We’ve been on an anchovy kick since our European getaway.
During our visit to Italy’s Corniglia, one of the five villages of Cinque Terre, we dined at the same restaurant both nights we were there because it was so. darn. good. We started each meal with a plate of fresh anchovies doused in olive oil and lemon juice. The following day, we even ordered some to go from a local market for a little picnic, slathering them upon fresh focaccia.
Naturally, we’ve been craving these salted silver slivers since the day we’ve left.
Since fresh anchovies are a Mediterranean jewel and not easily found in the states, we’ve been subtly incorporating them in our kitchen. Anchovy paste is now a staple within our marinara, and now we’re bringing them—at least their canned cousins—to our table for the holidays with this roasted leg of lamb.
And for those that cringe at the thought of anchovies, know that they add the most wonderfully rich and savory element to any dish that you’ll be wondering how you cooked without them during your pre-anchovy days.
P.S. Just to set the record straight, we don’t have anything against the ol’ turkey or ham, but why not mix things up for Christmas? Our thoughts exactly.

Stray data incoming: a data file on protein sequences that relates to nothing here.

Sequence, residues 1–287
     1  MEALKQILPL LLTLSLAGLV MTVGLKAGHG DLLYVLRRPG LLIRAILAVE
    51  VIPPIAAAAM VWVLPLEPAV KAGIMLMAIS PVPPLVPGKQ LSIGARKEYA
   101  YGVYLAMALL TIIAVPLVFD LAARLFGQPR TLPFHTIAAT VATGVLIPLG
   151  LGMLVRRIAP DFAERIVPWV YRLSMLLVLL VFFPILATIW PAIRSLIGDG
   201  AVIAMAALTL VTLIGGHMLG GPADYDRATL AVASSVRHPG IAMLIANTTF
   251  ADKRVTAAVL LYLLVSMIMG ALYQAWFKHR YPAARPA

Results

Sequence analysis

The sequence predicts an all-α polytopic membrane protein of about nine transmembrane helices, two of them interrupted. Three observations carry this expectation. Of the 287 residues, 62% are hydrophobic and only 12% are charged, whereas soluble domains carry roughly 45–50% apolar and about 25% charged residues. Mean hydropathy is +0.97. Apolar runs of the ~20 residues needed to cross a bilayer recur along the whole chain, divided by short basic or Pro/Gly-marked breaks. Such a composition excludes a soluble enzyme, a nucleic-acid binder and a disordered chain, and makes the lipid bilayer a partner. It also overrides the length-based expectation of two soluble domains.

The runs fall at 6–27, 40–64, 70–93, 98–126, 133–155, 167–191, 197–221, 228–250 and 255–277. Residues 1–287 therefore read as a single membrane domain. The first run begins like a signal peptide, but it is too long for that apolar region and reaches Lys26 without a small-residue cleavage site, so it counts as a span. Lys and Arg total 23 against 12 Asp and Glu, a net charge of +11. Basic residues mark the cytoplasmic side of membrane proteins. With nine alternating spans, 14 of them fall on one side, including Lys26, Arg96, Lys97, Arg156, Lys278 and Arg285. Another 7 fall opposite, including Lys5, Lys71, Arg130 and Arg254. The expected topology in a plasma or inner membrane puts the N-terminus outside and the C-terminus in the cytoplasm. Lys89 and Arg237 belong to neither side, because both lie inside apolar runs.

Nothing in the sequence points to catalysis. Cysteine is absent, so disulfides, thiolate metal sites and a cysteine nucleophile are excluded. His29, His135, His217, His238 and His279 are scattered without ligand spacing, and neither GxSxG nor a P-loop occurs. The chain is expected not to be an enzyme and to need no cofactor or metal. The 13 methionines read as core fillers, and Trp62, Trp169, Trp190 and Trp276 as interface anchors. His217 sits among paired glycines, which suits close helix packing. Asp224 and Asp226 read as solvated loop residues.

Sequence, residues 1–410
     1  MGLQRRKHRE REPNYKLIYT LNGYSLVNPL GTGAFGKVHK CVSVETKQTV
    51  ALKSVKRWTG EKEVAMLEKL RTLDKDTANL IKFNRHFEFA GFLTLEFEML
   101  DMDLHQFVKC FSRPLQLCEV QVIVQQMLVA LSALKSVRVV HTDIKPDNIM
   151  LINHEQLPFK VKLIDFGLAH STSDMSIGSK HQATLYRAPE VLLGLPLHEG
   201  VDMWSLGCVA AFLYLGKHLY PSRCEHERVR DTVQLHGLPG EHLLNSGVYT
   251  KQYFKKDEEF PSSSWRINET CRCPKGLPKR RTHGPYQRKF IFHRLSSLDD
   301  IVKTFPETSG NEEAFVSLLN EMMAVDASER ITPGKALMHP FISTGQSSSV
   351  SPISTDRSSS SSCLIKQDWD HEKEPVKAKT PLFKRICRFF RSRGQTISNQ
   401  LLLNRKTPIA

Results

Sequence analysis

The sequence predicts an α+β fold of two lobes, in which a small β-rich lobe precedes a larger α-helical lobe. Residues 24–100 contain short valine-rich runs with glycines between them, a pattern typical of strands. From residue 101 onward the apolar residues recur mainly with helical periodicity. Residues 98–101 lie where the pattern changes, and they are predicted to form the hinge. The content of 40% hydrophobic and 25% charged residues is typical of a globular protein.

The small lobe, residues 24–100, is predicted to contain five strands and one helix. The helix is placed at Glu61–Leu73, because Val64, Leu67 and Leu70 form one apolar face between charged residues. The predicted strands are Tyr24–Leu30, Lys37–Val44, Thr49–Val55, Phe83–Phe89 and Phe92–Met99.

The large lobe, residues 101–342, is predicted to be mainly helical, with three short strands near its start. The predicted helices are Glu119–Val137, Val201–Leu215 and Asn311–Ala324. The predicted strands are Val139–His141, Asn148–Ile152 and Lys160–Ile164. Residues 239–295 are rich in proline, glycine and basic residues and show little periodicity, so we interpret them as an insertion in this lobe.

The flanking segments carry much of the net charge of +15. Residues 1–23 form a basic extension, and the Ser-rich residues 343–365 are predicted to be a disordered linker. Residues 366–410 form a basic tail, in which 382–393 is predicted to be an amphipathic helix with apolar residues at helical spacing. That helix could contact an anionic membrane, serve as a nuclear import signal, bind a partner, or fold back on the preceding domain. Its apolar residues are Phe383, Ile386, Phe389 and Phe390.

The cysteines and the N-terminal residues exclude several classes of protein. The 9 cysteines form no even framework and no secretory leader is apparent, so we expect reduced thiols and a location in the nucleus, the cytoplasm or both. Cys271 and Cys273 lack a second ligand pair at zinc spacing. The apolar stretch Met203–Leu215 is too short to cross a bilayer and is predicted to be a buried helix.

Roasted Leg of Lamb with Anchovy Butter
I N G R E D I E N T S
1 6-pound, bone-in leg of lamb
2 rosemary sprigs, leaves removed
1 2-oz can anchovies in olive oil, drained
1 head of garlic, cloves removed, peeled then crushed
3 Tbsp unsalted butter at room temperature
Freshly ground black pepper
Mortar and pestle
M E T H O D
Preheat oven to 400.
With a very sharp knife, trim the last 2 inches of the meat off of the end of the leg, also known as Frenching. Tie twine from one end of the leg to the other, down the middle, then use a few strands of twine to secure the widest part of the leg.
Using a mortar and pestle, mash the rosemary leaves, anchovies and garlic into a paste. Add to a small bowl, then add the butter and mix until blended.
Spread the anchovy butter over top the leg of lamb in an even layer. Add a generous amount of black pepper all over to help form the crust.
Place the leg of lamb, buttered side up, onto the rack of a roasting pan. Pour enough wine into the roasting pan to cover the bottom. You’ll need to add more wine as it dries up to prevent drippings from burning in the pan.
Roast for 90 minutes, or until the lamb has reached an internal temperature of 135 degrees Fahrenheit. Baste the leg with the drippings every 15–20 minutes.
Once lamb has reached an internal temperature of 135 degrees, allow to rest for 20 minutes as the lamb continues to cook internally to reach a perfect medium-medium rare.